April 12, 2022
What to Say & Do For a Friend With a Disabled Child

Superkin is thrilled to have Melinda Martin, founder of Momme, the first lifestyle platform for parents raising kids with disabilities, join us on the blog. In her piece, Melinda shares parts of her story and how to best support loved ones who are managing a medical diagnosis. 


Four years into motherhood we received my son’s Autism diagnosis. At that time, I was doing it all. Working full time, cooking, laundry, bills, navigating his sensory meltdowns and developmental needs, in addition supporting the medical struggles we were facing with my daughter, a 6-month-old at the time, whose traumatic delivery left her with silent aspiration, dysphagia and motor delays.  Despite all my doing, I was making little progress as I tried to live up to the growing complexities of our family’s reality. 

But one thing I wasn’t doing was talking about it. 

As a nurse I thought I would be better at this. We had suspicions of his diagnosis, I knew the signs, but managing day to day I was not prepared for. I felt like I was the cause of our struggle, that I wasn’t doing motherhood right and that fear of judgment and shame kept me from sharing when, in actuality, I was parenting two kids with disabilities, and our reality was quite typical of families navigating the same. 

As his needs heightened, we grew even more distant from those in our personal and working life as the added pressure of explaining to others what we didn’t even fully understand seemed like an impossible situation to be in. I didn’t know how to bring up our very heavy struggles when the topics everyone else was discussing were their babies’ milestones or fun family vacations which were far from relatable to our reality.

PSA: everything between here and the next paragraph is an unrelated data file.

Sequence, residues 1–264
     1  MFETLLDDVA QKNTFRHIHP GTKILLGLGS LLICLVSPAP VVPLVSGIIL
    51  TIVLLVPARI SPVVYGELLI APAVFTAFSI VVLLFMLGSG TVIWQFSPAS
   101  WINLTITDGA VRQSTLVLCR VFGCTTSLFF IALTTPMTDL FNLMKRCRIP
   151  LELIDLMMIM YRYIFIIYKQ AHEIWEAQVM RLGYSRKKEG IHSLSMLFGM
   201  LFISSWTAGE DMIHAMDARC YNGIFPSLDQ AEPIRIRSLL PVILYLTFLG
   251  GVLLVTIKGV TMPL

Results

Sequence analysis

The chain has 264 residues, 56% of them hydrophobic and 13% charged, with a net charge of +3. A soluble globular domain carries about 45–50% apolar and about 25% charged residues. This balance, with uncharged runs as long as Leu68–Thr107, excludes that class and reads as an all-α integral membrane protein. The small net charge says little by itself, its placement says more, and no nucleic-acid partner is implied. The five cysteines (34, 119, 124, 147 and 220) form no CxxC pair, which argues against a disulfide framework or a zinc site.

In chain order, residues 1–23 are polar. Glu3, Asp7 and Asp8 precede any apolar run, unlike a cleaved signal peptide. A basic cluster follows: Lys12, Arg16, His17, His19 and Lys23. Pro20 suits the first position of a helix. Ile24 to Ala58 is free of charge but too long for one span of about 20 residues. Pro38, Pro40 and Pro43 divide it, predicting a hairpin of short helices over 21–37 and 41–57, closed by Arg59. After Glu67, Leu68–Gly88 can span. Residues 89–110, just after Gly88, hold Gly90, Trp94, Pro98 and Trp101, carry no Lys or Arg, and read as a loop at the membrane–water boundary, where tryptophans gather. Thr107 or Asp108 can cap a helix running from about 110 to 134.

So I grew distant and weary, because at the heart of human nature is a desire for connection. Oh how those days would have been different if I felt open to talking, or if someone noticed the heaviness of my eyes and asked, but somehow my quiet smiles were always associated with “life must be good” so nobody ever asked or even suspected we were navigating raising two young kids with disabilities. 

Something switched after we received his diagnosis and started to gain support and context around his behaviors. As I began to process and understand his needs and structuring life to meet those needs, I felt I had the capacity to begin opening up to others I knew.

But I was still nervous to do so. 

I had a lot of fears thinking of sharing our reality. 

Will they judge our child?

What if they become distant after I share? 

What if they start gossiping to others and take my ability to share on my terms?